CRTC guidance on interpreting its CASL regulations and guidelines at the IT-Can/TCLG meeting

Lynne Perrault, and Ryan Caron of the CRTC gave a talk to members of IT-Can and the Toronto Computer Lawyers Group on the CRTC regulations and guidelines related to CASL. Kelly Anne Smith of the CRTC joined by phone. (I summarized these documents in a blog post, CRTC Issues CASL (Canada’s Anti-Spam Law) Guidelines, background and commentary.) The slides presented at the meeting are set out below.

The following are some highlights from the talk and the Q & A that followed. Note, some of the remarks were also made at an earlier talk to ITAC members that I reported on in a previous blog post, CRTC clarifies questions about CASL.

  • The Guidelines are not intended to be mandatory. The use of the word “should” suggests methods of implementation that would be compliant; in some cases best practice. However, the Guidelines are not mandatory and compliance can be achieved in other ways.
  • The Guidelines describe various methods of obtaining oral consents. Other methods would also be acceptable.
  • There is no need to provide users with the right to unsubscribe from “all messages”. This reference in the General Guideline was intended to refer to CEMs.
  • Message recipients only need to provide express consents on one occasion. Unless the consent has been revoked, no further consents are required.
  • An express consent received before CASL comes into force is valid, even if the information that will be required to be provided when CASL comes into force under s.10(1) was not provided.
  • There is no need to provide message recipients with receipts to confirm that a consent has been given.
  • CASL applies only where a CEM is sent to an electronic address. This would include an e-mail, SMS or IM message. CASL would not apply to electronic messages sent to Twitter or RSS feeds or that are received through general web browsing, or that are posted on a Facebook wall, for example, because these messages are not sent to an electronic address. They left open the issue as to whether an IP address such as an IP address associated with a set top box would be an electronic address.
  • Cookies are computer programs to which the malware/spyware provisions apply. They are subject to the exception in s10.8, however.
  • Section 6(6) has also raised problems of interpretation. There had been some speculation that the word “solely” deemed all messages in the subsection to be CEMs to which the unsubscribe provisions of CASL applied. They clarified that s.6(6) only applies to messages that are CEMs. Accordingly, an electronic message such as a pure service message would not be subject to any of CASL’s formalities including its unsubscribe requirements merely because it might be listed as a category of message under s.6(6). However, if the service or other such electronic message also contains promotional or other information that would make it a CEM, then the unsubscribe provisions would apply.
  • The CRTC staff maintained their views expressed in the Toggling Guideline that a pre-checked box could not satisfy the requirement for express consent, even if a user manifests consent by clicking one or more icons to agree to all of the information on the screen. The CRTC staff admitted that they had not reviewed the many click-wrap agreement cases that do regard a click or similar action as a manifestation of express consent.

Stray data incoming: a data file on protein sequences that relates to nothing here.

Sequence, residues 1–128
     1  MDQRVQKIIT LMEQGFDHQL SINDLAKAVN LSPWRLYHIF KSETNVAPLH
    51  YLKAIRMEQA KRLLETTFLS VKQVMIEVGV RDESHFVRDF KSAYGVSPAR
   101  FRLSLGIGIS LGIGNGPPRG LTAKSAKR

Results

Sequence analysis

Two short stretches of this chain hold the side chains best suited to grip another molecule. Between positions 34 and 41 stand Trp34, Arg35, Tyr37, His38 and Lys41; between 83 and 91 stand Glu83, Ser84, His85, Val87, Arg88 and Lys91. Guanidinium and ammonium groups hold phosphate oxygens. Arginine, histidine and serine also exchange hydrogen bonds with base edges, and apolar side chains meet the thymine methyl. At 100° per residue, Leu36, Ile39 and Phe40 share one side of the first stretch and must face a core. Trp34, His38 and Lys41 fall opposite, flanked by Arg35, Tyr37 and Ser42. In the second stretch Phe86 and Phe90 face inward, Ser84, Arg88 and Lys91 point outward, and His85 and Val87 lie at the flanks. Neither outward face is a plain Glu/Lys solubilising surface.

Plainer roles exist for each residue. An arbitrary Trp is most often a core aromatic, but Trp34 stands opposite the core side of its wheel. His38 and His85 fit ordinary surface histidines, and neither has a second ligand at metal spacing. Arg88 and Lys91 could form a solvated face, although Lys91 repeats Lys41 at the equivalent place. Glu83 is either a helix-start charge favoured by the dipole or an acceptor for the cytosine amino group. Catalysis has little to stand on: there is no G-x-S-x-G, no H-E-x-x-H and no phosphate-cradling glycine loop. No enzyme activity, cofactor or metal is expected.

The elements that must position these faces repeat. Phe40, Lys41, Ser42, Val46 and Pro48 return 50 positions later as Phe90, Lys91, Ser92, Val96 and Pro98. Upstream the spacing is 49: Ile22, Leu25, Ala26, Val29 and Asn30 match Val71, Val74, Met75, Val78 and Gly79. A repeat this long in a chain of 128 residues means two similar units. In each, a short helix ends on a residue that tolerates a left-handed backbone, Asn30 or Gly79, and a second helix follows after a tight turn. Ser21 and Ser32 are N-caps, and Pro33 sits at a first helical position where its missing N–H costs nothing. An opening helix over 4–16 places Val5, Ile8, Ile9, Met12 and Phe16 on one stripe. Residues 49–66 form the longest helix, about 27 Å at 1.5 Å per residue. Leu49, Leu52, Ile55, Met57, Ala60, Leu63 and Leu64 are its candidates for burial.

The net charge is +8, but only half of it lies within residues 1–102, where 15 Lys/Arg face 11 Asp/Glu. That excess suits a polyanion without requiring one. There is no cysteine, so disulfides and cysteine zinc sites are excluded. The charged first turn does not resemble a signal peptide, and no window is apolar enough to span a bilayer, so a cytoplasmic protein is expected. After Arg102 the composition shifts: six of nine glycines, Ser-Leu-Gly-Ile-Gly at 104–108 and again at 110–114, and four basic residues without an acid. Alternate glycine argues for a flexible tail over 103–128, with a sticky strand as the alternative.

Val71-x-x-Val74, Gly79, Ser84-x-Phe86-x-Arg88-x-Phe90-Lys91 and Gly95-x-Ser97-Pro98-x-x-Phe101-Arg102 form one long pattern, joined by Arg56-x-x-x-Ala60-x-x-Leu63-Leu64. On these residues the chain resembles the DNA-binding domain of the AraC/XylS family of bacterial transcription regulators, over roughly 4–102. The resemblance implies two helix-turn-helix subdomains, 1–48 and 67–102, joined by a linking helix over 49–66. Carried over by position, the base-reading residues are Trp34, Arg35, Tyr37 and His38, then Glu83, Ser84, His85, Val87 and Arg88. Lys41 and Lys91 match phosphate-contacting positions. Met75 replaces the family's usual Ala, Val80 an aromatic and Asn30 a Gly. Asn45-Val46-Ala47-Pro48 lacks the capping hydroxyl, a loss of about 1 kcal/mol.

• It would be acceptable when structuring an application download process to enable a user to download an app and then to provide the necessary disclosures and obtain the necessary consent before the application installation process begins.
  • They also expresed the view that an electronic message that merely provides a link to a company’s home page would be a CEM.

The slides from the talk are set out below.

For more information about CASL, see, CASL: the unofficial FAQ, regulatory impact statement, and compliance guideline.

 

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3 thoughts on “CRTC guidance on interpreting its CASL regulations and guidelines at the IT-Can/TCLG meeting”

  1. David Canton says:

    Barry thanks for capturing these notes from the presentation.

    I’m still not convinced about the issue of an existing express consent under PIPEDA being grandfathered, despite their assurances. First, they talked as if PIPEDA requires opt-in – but opt-out permission is acceptable under PIPEDA under some circumstances. So if permission was obtained under PIPEDA on an opt-out basis – is the CRTC going to say it was not express consent?

    And take a look at the Industry Canada commentary on page 6 of their release of the Industry Canada regs, Industry Canada seems to say that since CASL has a higher threshold for consent, PIPEDA consents will not be sufficient.

  2. David Canton says:

    The other thing I’m not convinced about is their stance on social media. The CRTC focus seems to be on email, SMS and IM – but to me a DM sent on Twitter or a message to one person on facebook is technically caught.

  3. David B says:

    Thanks for capturing this. Some of the wording is terrible. Everything on the web has an electronic address so would appear to be covered. The key point is – are you sending to someone else’s personal address? Twitter and such are sending to your own account which people can then subscribe to. They’re not going to someone else’s address.

    Evidently the news has been suggesting Twitter and facebook are impacted. This came up quickly in a search to correct that notion. Much appreciated.

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